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Exposure Research in EPA’s Chemical Safety for Sustainability Research Program
Wambaugh, J. AND K. Isaacs. Exposure Research in EPA’s Chemical Safety for Sustainability Research Program. ACC LRI SST Science Discussion, Research Triangle Park,NC, October 03, 2017.
We are going to hold our LRI SST meeting in RTP on Oct 3-4. (We will be meeting at the Solution Center, right off of Page Road - 1101 Slater Rd. Brighton Hall, Suite 200, Durham, NC 27703). We’d like to invite you and key NCCT and NERL exposure scientists to join the LRI SST meeting on Oct 3 from 2:00 to 4:30 for our exposure science discussion agenda item. ScitoVation scientists will also participate. • I envision this session leading off with a presentation on PLETHEM from ScitoVation, followed by presentations from NCCT and NERL. • The NCCT and NERL presentations could be the same or similar to the ones made at the August 14 meeting with EPA. • Then we would follow these presentations with a roundtable discussion. 20 minute presentations by 4 speakers (2 ScitoVation + 2 EPA scientists) would give us close to an hour for discussion The goal is to help our LRI SST members identify LRI projects that have the potential to make the most impact - consistent with our strategic goals of improving the understanding of consumer exposures and advancing risk-based decision making in product stewardship and TSCA (and other regulatory programs) Thanks for considering this request. I would appreciate if you could get back to me by mid-week (say 9/20) to let me know if you’ll be able to participate so that I can finalize the LRI SST meeting agenda.
Estimates of human and ecological exposures are required as critical input to risk-based prioritization and screening of chemicals. This project seeks to develop the data, tools, and evaluation approaches required to generate rapid and scientifically-defensible exposure predictions for the full universe of existing and proposed commercial chemicals. This project further seeks to develop the data, tools, and evaluation approaches required to relate bioactive concentrations identified in the High Throughput Hazard project to predicted real world doses (i.e. in vitro-in vivo extrapolation). Rapid prediction of chemical exposure and bioactive doses allows prioritization based upon risk of adverse outcomes due to environmental chemical exposure. The chemical exposures and potentially hazardous doses predicted by this project will ultimately be used by the Demonstration and Evaluation project to support Agency chemical safety assessments. In a 2009 commentary in Environmental Health Perspectives, Shelden and Hubal proposed that “Novel statistical and informatic approaches should be applied to extant exposure data to facilitate the identifica¬tion of critical metrics that represent personal exposure through time, place, life stage, life¬style, or behavior.” Recently this ideas have been implemented by the Systematic Empirical Evaluation of Models (SEEM), in which the (forward model) predictions of high throughput exposure model are compared with inferred (reverse model) exposures from monitoring data (which typically covers only a subset of the overall chemicals of interest). The calibration and variance between predicted and inferred exposures gives an estimate of both the predictive ability of the model and the empirical uncertainty (95% credible interval). We apply this calibration and uncertainty to all chemicals that can be forward predicted. The SEEM framework was described in Wambaugh et al. (2013) in Environmental Science and Technology.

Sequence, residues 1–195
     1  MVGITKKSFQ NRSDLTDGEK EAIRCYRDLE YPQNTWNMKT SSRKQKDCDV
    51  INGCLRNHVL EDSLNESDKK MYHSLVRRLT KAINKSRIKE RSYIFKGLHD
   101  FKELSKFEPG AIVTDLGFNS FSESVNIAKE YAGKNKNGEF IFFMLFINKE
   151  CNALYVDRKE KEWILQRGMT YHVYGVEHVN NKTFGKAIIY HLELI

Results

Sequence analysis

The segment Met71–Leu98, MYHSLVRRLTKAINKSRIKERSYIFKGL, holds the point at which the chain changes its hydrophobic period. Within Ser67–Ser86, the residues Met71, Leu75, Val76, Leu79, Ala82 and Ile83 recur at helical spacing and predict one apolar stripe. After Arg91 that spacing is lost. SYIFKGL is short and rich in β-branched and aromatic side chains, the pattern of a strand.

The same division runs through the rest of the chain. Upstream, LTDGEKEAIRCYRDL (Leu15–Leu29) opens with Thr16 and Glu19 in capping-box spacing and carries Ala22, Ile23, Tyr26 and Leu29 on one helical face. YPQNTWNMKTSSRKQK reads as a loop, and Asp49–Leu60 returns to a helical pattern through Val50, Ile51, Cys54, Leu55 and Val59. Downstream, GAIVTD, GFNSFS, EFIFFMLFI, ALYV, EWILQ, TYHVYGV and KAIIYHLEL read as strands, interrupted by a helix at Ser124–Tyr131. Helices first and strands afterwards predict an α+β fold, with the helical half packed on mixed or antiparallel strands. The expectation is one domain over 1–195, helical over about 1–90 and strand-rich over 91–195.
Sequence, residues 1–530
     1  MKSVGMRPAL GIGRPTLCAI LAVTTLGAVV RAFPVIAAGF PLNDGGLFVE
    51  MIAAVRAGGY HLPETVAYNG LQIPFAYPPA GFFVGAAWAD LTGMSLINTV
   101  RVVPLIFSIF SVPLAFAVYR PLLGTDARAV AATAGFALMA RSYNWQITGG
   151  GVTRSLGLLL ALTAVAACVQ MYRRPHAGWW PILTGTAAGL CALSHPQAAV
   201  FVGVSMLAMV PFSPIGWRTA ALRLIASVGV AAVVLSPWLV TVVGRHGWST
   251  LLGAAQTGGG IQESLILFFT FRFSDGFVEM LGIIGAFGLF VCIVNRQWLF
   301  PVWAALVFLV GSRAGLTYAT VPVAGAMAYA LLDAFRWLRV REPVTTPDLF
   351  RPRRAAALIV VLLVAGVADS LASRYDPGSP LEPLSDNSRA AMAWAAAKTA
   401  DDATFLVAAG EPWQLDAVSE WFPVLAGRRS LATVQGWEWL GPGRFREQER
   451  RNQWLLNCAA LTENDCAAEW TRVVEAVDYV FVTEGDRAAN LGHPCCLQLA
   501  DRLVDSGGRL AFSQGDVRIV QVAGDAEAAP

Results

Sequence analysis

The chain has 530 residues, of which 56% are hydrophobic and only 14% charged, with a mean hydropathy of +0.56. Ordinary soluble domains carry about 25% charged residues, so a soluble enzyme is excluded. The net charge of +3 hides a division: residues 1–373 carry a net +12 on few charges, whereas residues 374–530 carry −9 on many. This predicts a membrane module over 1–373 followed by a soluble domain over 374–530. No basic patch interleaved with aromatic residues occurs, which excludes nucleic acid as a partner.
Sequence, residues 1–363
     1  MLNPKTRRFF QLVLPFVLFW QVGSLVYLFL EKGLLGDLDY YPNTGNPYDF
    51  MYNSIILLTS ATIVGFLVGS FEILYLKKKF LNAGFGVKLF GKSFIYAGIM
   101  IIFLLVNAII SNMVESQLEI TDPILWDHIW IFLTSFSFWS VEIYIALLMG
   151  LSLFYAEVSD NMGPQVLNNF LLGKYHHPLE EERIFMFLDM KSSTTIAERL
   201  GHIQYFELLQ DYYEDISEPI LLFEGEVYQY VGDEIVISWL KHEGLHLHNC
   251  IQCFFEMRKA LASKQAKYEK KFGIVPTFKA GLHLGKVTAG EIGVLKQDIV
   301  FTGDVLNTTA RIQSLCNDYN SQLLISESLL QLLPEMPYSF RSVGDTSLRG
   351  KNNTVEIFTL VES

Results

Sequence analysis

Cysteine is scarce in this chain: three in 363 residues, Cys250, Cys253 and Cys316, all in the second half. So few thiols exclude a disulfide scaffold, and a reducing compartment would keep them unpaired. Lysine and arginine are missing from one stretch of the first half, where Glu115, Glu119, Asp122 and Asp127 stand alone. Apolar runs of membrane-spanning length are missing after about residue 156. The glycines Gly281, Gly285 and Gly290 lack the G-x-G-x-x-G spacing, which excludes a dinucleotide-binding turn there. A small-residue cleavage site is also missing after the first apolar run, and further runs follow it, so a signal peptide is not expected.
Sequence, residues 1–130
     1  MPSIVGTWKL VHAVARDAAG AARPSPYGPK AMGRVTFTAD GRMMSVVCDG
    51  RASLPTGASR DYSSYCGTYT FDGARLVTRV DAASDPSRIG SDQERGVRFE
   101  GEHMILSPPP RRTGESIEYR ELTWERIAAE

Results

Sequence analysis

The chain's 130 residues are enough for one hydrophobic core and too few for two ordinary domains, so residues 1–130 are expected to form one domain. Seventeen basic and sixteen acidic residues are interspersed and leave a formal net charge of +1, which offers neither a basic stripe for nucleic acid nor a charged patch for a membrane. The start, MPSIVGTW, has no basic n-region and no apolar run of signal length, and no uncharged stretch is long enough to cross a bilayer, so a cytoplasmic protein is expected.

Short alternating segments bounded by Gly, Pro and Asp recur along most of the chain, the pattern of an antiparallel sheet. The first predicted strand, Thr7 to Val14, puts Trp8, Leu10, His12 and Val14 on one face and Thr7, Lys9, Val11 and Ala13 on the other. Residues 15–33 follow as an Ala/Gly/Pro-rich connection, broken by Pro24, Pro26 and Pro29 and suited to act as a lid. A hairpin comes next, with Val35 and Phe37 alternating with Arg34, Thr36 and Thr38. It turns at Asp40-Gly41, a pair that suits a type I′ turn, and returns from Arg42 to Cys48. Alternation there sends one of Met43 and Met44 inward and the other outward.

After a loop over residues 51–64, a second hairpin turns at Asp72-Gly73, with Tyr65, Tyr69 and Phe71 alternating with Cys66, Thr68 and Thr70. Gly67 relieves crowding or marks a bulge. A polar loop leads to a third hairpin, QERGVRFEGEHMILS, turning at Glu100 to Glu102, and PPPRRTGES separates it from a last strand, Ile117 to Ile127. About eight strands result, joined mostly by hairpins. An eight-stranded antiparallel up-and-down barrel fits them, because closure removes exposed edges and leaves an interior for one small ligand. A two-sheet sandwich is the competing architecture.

Record Details:Record Type: DOCUMENT (PRESENTATION/SLIDE)
Organization:U.S. ENVIRONMENTAL PROTECTION AGENCY
OFFICE OF RESEARCH AND DEVELOPMENT
NATIONAL CENTER FOR COMPUTATIONAL TOXICOLOGY